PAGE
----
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Friday, March 2, 2012

Funding plan for new UNLV stadium still relies on tax infusion

Courtesy UNLV Now
Renderings of a proposed stadium on the UNLV campus.

The public-private partners behind a proposed on-campus stadium at UNLV say they will need tax money to build it, after all.

Last September, after the Legislature rejected a special tax district to fund the $2 billion stadium, dormitory and retail project, university officials and Majestic Realty Co. started working on a funding plan they said wouldn't require tax money.

In a project update to the Nevada System of Higher Education's Board of Regents on Thursday, UNLV President Neal Smatresk outlined a new funding plan for construction of a 50,000- to 60,000-seat, closed-top stadium on the west side of the university's Maryland Parkway campus.

The stadium portion of the project is expected to cost $450 million to $500 million, including costs associated with moving displaced facilities from the construction site and practice fields on Harmon Avenue. The project also would require the purchase of some Clark County-owned land west of Swenson Street.

To fund the stadium construction, UNLV would need to raise $35 million per year for the next 20 years, Smatresk added.

"That should take your breath away," Smatresk told regents, adding he remained "ironclad" in his commitment not to use student tuition or general fund dollars to pay for the project.

The project would require four sources of funding, Smatresk said:
• Gifts and pledges from "founding partners" such as corporations, wealthy individuals and municipalities. There have been "a number of prominent entities who have stepped forward to offer support," Smatresk said, adding the “founding parties” would be a significant source of funding.
• Naming rights to the stadium, which may bring in $200 million to $300 million, Smatresk said.
• Future revenues, concessions, ticket sales and advertisements, which would be a smaller portion of the funding equation, Smatresk said.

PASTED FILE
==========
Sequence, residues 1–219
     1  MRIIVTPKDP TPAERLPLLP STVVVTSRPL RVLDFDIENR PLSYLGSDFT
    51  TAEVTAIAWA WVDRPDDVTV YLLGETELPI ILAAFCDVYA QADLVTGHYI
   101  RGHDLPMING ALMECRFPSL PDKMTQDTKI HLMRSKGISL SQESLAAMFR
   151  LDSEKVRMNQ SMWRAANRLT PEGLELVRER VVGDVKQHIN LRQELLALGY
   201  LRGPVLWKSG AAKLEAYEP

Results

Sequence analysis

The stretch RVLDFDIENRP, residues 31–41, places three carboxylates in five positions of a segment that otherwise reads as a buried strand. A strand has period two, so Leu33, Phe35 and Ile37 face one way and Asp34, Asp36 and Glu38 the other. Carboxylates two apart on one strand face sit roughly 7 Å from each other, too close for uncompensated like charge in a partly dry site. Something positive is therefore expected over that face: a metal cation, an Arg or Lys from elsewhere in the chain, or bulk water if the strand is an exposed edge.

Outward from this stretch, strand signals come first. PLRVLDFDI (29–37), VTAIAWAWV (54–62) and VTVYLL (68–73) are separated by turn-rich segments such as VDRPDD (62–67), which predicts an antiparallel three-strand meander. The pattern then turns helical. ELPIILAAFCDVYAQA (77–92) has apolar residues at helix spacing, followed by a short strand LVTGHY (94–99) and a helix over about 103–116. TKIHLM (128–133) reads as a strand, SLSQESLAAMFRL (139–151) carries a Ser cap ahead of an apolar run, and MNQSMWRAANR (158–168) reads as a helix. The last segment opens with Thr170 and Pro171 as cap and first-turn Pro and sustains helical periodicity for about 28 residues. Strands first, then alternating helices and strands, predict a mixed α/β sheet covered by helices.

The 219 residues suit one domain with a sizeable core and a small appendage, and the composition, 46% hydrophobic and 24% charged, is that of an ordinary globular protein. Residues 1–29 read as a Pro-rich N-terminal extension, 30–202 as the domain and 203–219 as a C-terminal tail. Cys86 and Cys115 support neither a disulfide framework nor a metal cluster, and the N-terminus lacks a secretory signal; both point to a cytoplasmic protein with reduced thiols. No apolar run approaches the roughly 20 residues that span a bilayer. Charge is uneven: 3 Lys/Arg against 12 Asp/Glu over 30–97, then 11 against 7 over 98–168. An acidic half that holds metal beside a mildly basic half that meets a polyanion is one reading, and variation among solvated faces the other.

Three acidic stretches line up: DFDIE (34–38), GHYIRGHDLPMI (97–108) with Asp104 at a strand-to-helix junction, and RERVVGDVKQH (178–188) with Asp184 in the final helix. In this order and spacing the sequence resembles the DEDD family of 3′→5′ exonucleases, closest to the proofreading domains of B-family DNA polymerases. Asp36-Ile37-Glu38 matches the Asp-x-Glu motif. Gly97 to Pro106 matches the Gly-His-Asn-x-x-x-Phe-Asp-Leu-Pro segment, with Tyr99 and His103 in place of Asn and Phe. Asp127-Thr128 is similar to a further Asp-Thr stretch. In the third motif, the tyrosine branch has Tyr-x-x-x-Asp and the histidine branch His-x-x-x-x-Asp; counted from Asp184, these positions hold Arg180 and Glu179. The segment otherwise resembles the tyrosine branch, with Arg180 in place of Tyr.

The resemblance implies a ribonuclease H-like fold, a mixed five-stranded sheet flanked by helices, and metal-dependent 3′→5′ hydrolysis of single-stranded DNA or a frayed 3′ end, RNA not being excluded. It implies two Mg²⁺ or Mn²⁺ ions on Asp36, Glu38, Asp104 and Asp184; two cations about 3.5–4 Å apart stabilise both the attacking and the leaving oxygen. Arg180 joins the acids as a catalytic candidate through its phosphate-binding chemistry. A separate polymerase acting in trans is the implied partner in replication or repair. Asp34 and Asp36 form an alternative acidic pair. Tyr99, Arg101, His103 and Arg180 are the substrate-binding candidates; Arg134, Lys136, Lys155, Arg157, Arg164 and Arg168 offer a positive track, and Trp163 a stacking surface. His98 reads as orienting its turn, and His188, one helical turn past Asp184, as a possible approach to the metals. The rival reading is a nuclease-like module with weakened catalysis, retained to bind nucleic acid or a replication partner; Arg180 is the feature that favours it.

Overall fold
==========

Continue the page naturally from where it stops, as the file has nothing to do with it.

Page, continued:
• Finally, a tax-increment financing district, which would divert tax dollars in a legislatively approved area to be used for economic redevelopment or a special project. The stadium itself would not raise enough tax dollars, but public-private partners are hoping the stadium plus the mixed-use development of retail stores and restaurants would generate necessary funds.

Despite the project's setback last summer to secure the special tax district, university officials and builder-partners are hopeful they can sway public support for the project during the year until the next legislative session.

That calculus comes as the developers released preliminary revenue projections for the new stadium on Thursday.

Currently, the Thomas & Mack Center — with a capacity of 18,000 seats — draws $250 million annually in direct revenue for the state, excluding tax revenue, officials said.

With a UNLV stadium more than double, maybe triple, the size of the Thomas & Mack arena, developers say the stadium could attract larger events, and with them more tourists to the city. UNLV is hopeful the stadium would play host to 15 "major events" each year.

Developers say they conservatively project the stadium's revenue around $500 million annually from lodging, gaming and dining in the region.

"If you want this, you'll need to help us get it," said Craig Cavileer, a stadium developer and president of the Silverton resort. "It can't just be the university and Majestic. It has to be the community."

UNLV and Majestic Realty are expected to present finalized cost projections and funding plan by the June Board of Regents meeting. Construction on the stadium is expected to begin in late 2013.

Developers are still "imagineering" what the university dormitories and retail shops would look like. Renovating the Thomas & Mack Center would come later, Cavileer said.

FROM THE LAS VEGAS SUN (click here).

1 comment:

Anonymous said...

Does UNLV need a new stadium? I think NOT! What we need is continuing education money for students and teachers to keep their jobs. A new stadium does not make sense, keep the money and raise money for a better education to future kids. This is not necessary. If someone can explain it to me I will listen but all I hear is the Nevada's education needs money. What happen about kids needing to learn? Just my opinion.

Anita Falconetti
Comm 101-4049